Poverty is not an accident but the result of political choices
The 12th European Meeting of People experiencing poverty was held from 18-20 June on the Esplanade of the European Parliament, with delegations from 26 European countries.
Mr Martin Schulz, President of the European Parliament opened the Meeting: “I hope our MEPs show up and keep their promises. The promise of the EU was more social justice, more equality, more decent jobs. No surprise people doubt about democracy and justice in Europe. You are right, you must be loud, visible and audible. We are not ashamed of being poor, but of the existence of poverty“.
These meetings were initiated as part of the agreed objective of the European Inclusion strategy “to ensure the direct participation of people experiencing poverty and social exclusion”. Delegations from 26 Countries exchanged with each other, with members of the European Parliament and policy makers on the growing gaps between the income available from work and welfare and the costs of a ‘basket of goods and services’ needed to live in dignity.
“The economic and political vision, centred on austerity measures has resulted in the loss of people’s trust in their democratic institutions and is creating a deep economic, social and democratic crisis. Austerity measures have contributed to rising poverty reflected in official figures showing nearly 5 million more people in poverty and social exclusion since 2009. This once again shows that poverty is not an accident but the result of political choices” said Sérgio Aires, President of the European Anti-Poverty Network (EAPN).
Commissioner for Employment Social Affairs and Inclusion, Mr Lazlo Andor addressed the meeting and acknowledge the lack of progress on achieving the EU poverty reduction target. He outlined key Commission proposals to reinforce the efforts to reach the poverty reduction target including the Social Investment Package with specific actions on child poverty, homelessness and adequacy of minimum income schemes. He also highlighted the agreement on the youth employment guarantee, the proposals to strengthen the use of the European Social Fund for social inclusion and the proposed European Fund for aid to the most deprived.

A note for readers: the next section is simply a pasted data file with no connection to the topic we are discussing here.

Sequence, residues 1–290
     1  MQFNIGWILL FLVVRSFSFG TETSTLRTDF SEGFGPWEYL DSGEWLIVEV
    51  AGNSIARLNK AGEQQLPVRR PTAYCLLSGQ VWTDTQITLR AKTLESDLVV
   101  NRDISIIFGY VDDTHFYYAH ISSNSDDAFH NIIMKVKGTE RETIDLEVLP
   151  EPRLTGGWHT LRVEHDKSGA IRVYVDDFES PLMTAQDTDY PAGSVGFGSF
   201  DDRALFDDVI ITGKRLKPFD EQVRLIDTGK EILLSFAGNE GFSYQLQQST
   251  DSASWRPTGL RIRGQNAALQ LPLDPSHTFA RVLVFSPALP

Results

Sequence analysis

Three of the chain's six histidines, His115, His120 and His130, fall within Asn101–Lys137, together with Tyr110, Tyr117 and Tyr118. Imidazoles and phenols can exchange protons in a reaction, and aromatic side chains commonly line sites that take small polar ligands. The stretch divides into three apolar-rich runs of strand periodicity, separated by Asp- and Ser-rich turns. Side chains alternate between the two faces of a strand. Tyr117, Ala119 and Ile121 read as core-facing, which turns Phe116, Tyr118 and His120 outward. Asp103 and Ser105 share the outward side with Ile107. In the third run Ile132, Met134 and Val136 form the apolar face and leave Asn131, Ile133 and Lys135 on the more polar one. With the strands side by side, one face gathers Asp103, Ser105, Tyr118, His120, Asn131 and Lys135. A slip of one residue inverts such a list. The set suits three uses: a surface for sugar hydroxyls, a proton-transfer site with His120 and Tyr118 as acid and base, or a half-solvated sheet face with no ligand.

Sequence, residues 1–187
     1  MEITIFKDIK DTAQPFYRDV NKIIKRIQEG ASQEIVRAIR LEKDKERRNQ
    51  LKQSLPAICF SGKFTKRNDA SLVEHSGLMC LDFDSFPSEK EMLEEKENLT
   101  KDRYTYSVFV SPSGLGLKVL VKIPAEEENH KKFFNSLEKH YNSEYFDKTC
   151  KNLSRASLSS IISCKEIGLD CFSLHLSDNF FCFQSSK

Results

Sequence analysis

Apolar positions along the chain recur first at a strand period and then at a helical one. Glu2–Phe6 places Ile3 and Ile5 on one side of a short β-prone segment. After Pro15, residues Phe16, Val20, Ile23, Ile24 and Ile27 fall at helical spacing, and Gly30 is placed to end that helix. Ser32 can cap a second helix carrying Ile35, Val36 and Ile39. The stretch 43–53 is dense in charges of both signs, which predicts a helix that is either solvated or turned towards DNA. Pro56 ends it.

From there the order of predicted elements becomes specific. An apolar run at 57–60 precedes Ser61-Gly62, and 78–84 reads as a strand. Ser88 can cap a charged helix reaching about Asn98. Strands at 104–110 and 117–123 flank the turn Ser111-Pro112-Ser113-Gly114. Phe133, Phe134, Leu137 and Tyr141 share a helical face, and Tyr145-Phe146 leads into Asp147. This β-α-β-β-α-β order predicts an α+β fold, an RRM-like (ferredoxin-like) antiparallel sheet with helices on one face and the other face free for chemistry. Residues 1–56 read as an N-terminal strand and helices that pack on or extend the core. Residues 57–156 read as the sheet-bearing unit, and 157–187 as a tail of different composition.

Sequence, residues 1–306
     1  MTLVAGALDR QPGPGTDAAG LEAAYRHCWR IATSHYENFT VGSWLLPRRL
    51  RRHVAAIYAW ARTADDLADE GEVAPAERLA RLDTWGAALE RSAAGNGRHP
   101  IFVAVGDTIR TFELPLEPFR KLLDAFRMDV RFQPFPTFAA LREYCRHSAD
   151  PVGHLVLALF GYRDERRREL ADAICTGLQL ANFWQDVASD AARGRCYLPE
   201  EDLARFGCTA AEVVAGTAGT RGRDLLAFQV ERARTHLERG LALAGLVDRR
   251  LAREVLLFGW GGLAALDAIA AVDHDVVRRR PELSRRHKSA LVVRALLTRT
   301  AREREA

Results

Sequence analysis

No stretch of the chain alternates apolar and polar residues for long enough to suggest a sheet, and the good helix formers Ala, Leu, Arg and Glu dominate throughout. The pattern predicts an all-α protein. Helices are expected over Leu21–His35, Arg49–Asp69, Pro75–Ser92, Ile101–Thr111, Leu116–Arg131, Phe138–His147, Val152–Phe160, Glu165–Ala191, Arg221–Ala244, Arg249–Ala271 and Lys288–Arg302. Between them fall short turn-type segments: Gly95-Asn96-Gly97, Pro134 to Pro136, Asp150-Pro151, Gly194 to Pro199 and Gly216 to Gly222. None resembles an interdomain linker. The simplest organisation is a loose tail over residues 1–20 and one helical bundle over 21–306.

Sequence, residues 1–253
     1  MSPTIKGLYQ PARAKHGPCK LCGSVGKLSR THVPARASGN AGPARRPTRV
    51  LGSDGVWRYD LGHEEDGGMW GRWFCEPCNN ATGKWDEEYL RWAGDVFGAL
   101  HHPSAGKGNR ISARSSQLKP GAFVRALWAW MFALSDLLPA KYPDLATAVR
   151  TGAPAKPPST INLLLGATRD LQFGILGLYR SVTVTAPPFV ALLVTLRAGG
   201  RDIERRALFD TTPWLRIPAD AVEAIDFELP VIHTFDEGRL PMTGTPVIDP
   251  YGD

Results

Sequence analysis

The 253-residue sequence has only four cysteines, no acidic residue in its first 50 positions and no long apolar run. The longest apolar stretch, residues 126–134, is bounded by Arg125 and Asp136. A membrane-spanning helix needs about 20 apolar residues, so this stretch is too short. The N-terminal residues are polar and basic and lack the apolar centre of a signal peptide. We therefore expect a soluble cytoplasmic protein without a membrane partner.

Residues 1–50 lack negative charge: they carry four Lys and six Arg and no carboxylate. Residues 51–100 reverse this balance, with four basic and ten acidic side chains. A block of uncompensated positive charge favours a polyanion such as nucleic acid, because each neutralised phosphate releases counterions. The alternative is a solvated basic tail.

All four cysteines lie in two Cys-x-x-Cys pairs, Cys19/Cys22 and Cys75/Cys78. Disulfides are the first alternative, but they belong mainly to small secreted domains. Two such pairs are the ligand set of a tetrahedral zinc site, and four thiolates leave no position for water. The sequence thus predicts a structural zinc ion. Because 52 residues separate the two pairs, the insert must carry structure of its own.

The meeting was followed by a symbolic action that took delegates from the Commemorative stone for the victims of poverty on the Esplanade in front of the European Parliament, to the Place du Luxembourg, where all delegations showed the messages they had presented during the 12th Meeting, and called for an end to austerity policies.
- Programme (English)
- Programme (Français)
- Report of the Meeting
- Booklet of Slogans by national delegations
- Photos of the #2013PEP Meeting including the symbolic action
Key Messages from the #2013PEP
- The European level People Experiencing Poverty Meetings must continue and give momentum to National level processes that ensure the participation of people experiencing poverty. This year’s meeting was an important contribution to the ‘2013 EU Year of Citizens’ and the continuation of the European Meetings of People Experiencing Poverty should be part of the legacy of the 2013 Year.
- There was a lot of work done to prepare for the 2013 meeting. A lot of important experiences, information and stories, were gathered together in the preparation reports that were shared both in formal and informal sessions at the meeting. It is important that the information gathered in this preparatory work is made visible as a follow up to the meeting.
- There is a harmonization of the costs of a decent life in the different European countries but still huge differences between wage levels and social welfare schemes and no real effort to ensure common efforts to reach high level social standards across Europe. This is creating a totally unbalanced Europe.
- Despite these growing differences, the processes which create poverty and the realities faced by people experiencing poverty have many similarities and we can learn a lot about how to address these difficulties form our exchanges.
- The response to the crisis is developing behaviours that undermine respect for human rights, such as: labour exploitation, xenophobia and increased discrimination, more waste in our societies (empty houses while having increased homelessness), growing distrust in our politicians and political institutions, criminalisation and negative stereotyping of ‘poor people’, while doing nothing to tackle the increasing concentration of wealth and power in the hands of a few.
- Youth unemployment is a big priority but unemployment and poor quality employment is also an issue for older people and for groups who experience discrimination.
- We don’t see any EU strategy on the ground to make the EU poverty-reduction target real. We call for a distinct EU strategy to fight poverty and social exclusion based on respect for fundamental rights and the participation of all relevant actors including people experiencing poverty.
- We demand an EU Directive on the Adequacy of Minimum Income Schemes and a common effort to ensure ‘living wages’. This is an efficient use of resources as the money will be re-invested in the economy to buy necessary goods and services and not left siting unproductively in savings accounts.
- The adequacy of income is very much linked to the access to services. Housing was identified as a key need and the importance of social and affordable housing was stressed as well as the need for accessible education and training and health care.
- Every person deserves to be treated with love and respect. We are not a number on a page we are someone’s mother or father, sons or daughters. To fight the ‘crisis’ you should stop fighting the ‘poor’ and start fighting for tax justice, ethical business practices and better redistribution of the wealth that is available.